Customer Review

111 of 115 people found the following review helpful
5.0 out of 5 stars The Encyclopedia of Country Living, November 5, 2012
This review is from: The Encyclopedia of Country Living, 40th Anniversary Edition: The Original Manual of Living Off the Land & Doing It Yourself (Paperback)
In 1998 my husband, our four year old son and I moved from the city to 11.93 acres in the middle of nowhere. We lived for two years without running water or electricity. From my first copy of The Encyclopedia of Country Living I learned how to milk a goat and raise my hogs. I learned how to dress out a large animal and brooder chicks with kerosene lanterns. Not that I read this book a lot or anything, but I literally wore the covers off of the copy that I ordered from Lehman's Non-Electric Hardware Store.

I'm on my second copy now, which my husband had drilled with a three hole punch to give it more staying power. I highly recommend this book to learn the life-style of self-sufficiency. Self-sufficiency is a mind set and a life-style. I highly recommend it.

My son is 18 years old and a freshman in college now. I am an old woman of nearly 55. I wouldn't give up my memories or skills for anything. This is a fantastic reference book, and really, the only one you'll ever need.

One other note: I wrote Ms. Emery about some health problems I was having and she wrote me back! I'll never forget her kindness to a stranger. One of my deepest regrets is I did not get to meet her. As a struggling author here on Amazon I find her achievements amazing. I hope her family reads this and knows how much her writing meant to our family. God bless you, Ms. Emery. I hope you can know how much your postcard meant to me.
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Tracked by 3 customers

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Showing 1-4 of 4 posts in this discussion
Initial post: Feb 3, 2013 6:54:34 AM PST
Eric Brown says:
I'm curious, why would someone like you send your child to college? I have young children now, and I'm thinking that college generally goes against the values and abilities I want to build in my children, but I also want to challenge my thinking on this.

In reply to an earlier post on Apr 10, 2013 7:45:06 AM PDT
I would say, for myself, that a lot depends on the college, the course of study, and the attitude of the person thinking of going. Especially at the bachelor's level, there can be a huge broadening in general knowledge; meeting people of varied backgrounds, philosophies of life, and viewpoints; and...especially in the arts, a tremendous amount of skills that can easily translate to self-sufficiency. (I say this from experience -- I have a Bachelor of Fine Art in Studio Ceramics: I can find, dig, clean, process, form, fire, and finish pots from riverbank clay to finished, glazed pot. I also can form metal, know how to take wool from sheep to shawl and weave; I learned basketry and papermaking skills; I am comfortable with both rough and fine woodworking. Perhaps it is also that I grew up rural raising animals, fruit trees and veggies for food, but I truly think college helped me become a well-rounded adult who was able to bring even more to the self-sufficiency table, so to speak.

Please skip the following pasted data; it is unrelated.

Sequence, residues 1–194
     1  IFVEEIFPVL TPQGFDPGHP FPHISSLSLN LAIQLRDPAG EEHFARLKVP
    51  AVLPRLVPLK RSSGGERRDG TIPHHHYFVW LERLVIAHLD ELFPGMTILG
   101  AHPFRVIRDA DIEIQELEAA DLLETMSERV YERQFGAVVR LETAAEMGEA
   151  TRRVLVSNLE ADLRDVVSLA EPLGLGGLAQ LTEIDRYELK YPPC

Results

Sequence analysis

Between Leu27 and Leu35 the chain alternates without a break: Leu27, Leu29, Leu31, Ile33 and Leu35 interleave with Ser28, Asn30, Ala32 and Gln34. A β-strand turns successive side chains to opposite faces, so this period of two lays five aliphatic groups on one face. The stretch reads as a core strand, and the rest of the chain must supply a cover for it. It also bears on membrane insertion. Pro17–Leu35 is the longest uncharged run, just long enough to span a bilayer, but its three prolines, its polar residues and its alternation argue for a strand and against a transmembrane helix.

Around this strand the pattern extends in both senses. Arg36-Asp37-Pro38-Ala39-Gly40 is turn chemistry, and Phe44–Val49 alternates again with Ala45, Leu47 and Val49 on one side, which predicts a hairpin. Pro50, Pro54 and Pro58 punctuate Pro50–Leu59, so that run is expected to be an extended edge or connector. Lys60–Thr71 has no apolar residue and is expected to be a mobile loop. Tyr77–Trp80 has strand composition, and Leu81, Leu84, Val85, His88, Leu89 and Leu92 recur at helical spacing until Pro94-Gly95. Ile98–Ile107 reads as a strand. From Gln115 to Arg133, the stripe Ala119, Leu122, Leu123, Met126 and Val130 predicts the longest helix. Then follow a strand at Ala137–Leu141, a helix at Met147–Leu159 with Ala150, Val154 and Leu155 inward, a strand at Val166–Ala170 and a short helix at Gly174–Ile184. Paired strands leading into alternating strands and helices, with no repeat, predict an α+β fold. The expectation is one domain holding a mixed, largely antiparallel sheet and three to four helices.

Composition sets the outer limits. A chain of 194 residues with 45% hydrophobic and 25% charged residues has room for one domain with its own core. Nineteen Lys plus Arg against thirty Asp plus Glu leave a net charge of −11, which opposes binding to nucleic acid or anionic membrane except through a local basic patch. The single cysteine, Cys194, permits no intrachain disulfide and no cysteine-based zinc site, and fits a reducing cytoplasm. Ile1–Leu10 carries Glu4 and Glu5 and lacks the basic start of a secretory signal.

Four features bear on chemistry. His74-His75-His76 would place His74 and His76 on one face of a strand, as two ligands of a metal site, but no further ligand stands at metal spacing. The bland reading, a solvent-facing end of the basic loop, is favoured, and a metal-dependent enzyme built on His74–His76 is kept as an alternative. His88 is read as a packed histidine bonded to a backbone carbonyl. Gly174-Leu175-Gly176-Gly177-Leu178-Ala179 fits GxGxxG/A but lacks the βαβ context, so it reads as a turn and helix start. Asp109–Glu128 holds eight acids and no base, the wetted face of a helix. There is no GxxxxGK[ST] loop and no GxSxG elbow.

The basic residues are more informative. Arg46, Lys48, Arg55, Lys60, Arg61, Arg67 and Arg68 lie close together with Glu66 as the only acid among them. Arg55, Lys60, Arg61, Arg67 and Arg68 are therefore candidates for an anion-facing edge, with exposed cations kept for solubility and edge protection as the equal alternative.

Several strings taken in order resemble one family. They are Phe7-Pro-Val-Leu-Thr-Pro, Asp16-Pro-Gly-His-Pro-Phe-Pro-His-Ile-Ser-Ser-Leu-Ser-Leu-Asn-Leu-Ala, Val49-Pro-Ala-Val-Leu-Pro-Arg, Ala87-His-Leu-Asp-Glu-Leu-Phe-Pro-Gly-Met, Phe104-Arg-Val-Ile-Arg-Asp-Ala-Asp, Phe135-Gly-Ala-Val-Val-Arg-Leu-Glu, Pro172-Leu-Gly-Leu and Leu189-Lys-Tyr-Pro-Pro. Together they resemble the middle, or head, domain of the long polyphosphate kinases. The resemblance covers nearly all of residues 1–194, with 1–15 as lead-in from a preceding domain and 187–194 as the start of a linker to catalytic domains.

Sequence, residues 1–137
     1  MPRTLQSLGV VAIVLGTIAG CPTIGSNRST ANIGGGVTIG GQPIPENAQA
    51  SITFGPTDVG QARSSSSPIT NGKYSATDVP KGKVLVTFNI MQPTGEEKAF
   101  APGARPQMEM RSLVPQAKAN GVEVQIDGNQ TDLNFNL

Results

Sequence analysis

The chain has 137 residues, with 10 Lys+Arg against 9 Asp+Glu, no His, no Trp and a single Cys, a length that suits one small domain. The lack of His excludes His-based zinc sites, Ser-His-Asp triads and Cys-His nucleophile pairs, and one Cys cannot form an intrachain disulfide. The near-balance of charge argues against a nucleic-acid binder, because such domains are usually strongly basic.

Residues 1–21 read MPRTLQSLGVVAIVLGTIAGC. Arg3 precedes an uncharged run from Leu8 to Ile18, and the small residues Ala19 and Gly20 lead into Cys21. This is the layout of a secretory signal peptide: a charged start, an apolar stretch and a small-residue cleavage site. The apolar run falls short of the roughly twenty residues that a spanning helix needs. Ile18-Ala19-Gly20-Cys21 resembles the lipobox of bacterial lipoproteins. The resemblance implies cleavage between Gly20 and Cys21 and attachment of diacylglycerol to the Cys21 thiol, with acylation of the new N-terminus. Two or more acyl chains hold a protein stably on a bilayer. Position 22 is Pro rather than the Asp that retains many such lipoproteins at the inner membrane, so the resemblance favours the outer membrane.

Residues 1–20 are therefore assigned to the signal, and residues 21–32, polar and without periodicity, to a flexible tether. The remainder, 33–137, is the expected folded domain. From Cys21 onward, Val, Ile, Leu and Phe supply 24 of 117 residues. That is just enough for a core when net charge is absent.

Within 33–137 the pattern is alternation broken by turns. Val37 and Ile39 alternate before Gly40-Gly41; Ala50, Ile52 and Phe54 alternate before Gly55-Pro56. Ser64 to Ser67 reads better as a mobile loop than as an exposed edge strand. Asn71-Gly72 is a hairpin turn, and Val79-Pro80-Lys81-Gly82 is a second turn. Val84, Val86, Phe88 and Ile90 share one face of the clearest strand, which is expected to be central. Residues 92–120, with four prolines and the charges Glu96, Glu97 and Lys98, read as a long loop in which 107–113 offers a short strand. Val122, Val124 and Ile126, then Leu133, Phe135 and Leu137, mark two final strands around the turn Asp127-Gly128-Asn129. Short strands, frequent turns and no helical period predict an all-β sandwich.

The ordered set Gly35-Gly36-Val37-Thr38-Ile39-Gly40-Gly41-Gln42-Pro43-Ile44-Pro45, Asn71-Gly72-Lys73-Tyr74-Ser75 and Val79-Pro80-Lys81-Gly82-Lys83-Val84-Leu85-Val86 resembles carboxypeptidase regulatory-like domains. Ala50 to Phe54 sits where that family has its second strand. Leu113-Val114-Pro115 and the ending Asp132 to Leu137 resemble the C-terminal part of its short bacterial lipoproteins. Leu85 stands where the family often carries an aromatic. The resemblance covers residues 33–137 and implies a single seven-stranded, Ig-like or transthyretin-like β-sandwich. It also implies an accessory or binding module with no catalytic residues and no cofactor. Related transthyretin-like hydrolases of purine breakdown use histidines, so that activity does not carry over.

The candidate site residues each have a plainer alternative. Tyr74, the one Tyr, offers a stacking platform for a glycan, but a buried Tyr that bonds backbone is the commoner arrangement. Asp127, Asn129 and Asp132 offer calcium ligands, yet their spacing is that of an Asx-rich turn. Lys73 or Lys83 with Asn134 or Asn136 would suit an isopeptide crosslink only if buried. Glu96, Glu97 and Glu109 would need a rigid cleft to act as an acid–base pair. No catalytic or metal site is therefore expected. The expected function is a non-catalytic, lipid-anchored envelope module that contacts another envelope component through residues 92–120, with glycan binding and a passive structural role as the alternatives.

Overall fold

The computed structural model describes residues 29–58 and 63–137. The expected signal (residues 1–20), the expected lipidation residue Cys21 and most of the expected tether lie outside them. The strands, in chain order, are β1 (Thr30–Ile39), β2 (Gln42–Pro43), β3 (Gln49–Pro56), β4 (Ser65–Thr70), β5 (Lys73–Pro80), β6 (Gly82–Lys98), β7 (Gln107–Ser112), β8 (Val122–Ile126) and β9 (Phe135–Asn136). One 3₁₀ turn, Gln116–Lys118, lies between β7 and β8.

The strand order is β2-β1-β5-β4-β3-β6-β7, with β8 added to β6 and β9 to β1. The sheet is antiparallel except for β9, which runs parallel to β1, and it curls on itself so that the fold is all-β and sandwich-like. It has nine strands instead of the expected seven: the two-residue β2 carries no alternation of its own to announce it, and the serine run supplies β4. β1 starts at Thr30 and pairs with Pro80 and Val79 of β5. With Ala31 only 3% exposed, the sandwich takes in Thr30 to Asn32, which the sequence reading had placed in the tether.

In reply to an earlier post on Apr 28, 2013 8:52:34 PM PDT
Hello and GREAT Question. I am mid 30s and finishing up my last year of college. I chime in here to maybe give a different perspective. I suggest that college has helped me open my eyes to many more things in life. My heart is working the ground and being a homesteader but understanding others for me is well worth the efforts. I am not telling you I am going to use all the information or brain washing that I have gone through but I see things a bit more clear and it has helped me understand more of about everything. It has also focused my eye on what is important as well as made it easier to identify BS. Worth the efforts but I am taking this later in life so I have a different view than your standard college student. Hope this helps you.

Posted on Dec 1, 2014 6:59:21 AM PST
Johnny O. says:
Regarding college, the university may offer experience in life, however, the purpose is to develop skills and knowledge which will yield a substatially greater income and quality of life. If one wishes to gain access to other perspectives in life, go traveling. In college, do something practical such as engineering (top five jobs at this time of writing in the US are all engineering) or other discipline of demonstrable return for your time and expense. If one uses college as a cultural experience plus tuition, one's real education is going to be living with the student loans.
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